• Investigating the role of MazF toxins in persistence and pathogenesis of M. tuberculosis (2011-2014; Funded by Department of Biotechnology; PI. Dr. Ramandeep Singh)
  • Investigating the role of citrate lyases in physiology and persistence of M. tuberculosis. (2015-2018; Funded by Department of Biotechnology; PI. Dr. Ramandeep Singh)

Fellowships and awards:

2005-2010:         Postdoctoral Fellowship to conduct research in Center for TB Research at the Johns Hopkins University, USA

2009:                  Arthur M. Dannenberg Award for Tuberculosis Research at the Center for Tuberculosis Research, Johns Hopkins University.

1999-2004:         Junior and senior research fellowships by Council of Scientific and Industrial Research, India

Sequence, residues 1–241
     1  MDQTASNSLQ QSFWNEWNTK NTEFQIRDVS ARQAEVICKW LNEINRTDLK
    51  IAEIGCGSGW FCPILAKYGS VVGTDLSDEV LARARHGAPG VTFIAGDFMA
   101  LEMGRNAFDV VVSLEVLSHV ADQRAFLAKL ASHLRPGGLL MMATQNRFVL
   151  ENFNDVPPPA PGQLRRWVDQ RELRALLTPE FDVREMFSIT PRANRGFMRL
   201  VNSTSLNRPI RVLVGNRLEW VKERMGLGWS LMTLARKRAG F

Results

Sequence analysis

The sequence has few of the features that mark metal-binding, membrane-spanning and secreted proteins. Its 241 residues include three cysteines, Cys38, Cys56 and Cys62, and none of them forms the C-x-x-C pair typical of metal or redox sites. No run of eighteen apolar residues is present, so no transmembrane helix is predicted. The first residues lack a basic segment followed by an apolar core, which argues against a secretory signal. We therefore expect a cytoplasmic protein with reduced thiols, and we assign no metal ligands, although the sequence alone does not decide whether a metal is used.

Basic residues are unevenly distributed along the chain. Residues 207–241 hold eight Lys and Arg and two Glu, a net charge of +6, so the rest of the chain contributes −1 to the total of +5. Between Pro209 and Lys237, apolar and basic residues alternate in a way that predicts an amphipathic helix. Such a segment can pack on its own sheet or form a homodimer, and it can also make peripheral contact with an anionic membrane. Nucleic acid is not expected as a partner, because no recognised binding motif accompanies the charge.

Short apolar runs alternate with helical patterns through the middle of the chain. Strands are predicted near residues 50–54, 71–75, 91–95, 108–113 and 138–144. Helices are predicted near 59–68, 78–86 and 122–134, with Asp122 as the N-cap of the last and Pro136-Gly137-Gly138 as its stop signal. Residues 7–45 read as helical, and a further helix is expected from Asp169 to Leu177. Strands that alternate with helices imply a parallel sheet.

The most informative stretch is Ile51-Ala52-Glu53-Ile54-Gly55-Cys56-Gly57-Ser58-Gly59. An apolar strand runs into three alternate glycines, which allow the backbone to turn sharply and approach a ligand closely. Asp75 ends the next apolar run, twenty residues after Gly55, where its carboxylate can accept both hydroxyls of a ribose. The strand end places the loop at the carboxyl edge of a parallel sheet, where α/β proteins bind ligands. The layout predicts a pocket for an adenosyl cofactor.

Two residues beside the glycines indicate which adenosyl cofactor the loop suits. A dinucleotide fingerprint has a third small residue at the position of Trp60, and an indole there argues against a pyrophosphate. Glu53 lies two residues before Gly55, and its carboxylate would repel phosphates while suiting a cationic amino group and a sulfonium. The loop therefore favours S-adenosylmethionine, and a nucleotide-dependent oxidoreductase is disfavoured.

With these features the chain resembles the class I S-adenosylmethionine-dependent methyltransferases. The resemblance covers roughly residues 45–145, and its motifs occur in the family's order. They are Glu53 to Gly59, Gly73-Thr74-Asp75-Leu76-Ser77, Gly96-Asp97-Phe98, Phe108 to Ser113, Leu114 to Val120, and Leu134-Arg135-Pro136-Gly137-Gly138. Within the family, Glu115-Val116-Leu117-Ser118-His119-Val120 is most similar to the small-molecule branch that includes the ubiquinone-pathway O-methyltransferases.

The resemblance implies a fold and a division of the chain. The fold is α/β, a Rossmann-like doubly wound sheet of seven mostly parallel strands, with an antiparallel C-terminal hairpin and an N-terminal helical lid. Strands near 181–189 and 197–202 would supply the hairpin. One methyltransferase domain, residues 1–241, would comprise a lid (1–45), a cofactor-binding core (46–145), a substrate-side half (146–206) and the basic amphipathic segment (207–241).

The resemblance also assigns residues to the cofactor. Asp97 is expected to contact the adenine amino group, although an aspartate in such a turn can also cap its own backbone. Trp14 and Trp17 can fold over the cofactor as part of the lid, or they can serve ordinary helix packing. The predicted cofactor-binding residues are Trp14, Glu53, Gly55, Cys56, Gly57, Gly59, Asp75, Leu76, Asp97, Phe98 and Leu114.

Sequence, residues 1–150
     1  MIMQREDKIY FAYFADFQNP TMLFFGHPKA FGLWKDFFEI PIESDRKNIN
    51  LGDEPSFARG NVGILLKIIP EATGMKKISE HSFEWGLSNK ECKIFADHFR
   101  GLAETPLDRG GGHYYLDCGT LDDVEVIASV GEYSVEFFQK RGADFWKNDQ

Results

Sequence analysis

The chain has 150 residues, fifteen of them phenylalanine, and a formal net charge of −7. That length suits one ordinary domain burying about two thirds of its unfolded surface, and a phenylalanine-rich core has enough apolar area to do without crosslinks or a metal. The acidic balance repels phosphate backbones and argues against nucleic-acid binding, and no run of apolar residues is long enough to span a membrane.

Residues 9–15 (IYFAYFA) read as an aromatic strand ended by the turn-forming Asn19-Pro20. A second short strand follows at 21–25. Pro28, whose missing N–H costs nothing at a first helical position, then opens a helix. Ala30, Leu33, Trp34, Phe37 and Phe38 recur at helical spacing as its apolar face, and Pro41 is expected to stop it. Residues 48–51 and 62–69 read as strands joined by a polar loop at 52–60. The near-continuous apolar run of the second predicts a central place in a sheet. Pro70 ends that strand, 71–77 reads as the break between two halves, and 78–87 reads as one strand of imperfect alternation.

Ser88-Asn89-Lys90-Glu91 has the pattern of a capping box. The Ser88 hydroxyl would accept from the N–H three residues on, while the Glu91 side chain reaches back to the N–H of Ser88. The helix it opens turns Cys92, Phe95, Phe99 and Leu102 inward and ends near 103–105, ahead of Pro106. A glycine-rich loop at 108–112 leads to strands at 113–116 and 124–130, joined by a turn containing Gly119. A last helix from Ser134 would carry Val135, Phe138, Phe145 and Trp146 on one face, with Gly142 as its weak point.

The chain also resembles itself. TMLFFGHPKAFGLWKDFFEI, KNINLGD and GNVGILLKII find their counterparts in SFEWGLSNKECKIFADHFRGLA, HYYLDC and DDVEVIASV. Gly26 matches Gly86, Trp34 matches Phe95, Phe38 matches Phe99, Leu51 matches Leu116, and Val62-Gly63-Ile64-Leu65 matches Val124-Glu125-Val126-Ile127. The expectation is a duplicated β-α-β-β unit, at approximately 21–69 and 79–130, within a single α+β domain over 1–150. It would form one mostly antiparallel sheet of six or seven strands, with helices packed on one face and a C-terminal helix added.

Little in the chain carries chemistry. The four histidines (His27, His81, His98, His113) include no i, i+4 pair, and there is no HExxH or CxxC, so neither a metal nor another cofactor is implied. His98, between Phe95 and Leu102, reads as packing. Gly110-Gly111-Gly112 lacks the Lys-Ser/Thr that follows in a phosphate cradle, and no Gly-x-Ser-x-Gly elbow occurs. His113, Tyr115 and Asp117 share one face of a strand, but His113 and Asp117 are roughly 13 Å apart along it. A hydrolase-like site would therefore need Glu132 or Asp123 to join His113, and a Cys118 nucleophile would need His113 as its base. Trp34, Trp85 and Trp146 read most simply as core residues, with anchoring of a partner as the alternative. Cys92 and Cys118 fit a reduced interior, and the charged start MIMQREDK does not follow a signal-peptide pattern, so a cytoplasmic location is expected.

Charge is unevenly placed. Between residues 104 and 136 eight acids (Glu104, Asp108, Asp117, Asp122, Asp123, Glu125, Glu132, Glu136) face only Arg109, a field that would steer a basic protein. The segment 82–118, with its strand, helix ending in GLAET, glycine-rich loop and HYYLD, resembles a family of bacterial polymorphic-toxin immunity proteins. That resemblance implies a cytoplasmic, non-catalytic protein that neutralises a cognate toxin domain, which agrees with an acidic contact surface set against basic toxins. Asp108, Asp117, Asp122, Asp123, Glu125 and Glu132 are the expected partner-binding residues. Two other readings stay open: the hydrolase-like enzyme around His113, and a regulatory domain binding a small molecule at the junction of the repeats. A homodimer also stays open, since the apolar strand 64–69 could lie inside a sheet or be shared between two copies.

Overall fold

1997-1999:         DBT Fellowship to pursue Master’s degree at the School of Biotechnology, Banaras Hindu University, Varanasi

A. Invited presentations to peer-reviewed, internationally established conferences/meetings:

1.   Guest/invited Lectures:

  • Daulat Ram College, Delhi University, Delhi,  October, 2018
  • Shiv Nadar University, Greater Noida, May, 2018
  • Institute of Microbial Technology, Chandigarh, May 2018
  • Miranda House College, Delhi University, New Delhi, January 2018
  • Jawaharlal Nehru University, New Delhi, November 2017
  • Delhi University, New Delhi, September 2017
  • KIIT University, Bhubaneswar, Odisha, Feb 2017
  • All India Institute of Medical Sciences, New Delhi, Oct 2016
  • University of Delhi South Campus, New Delhi, March 2016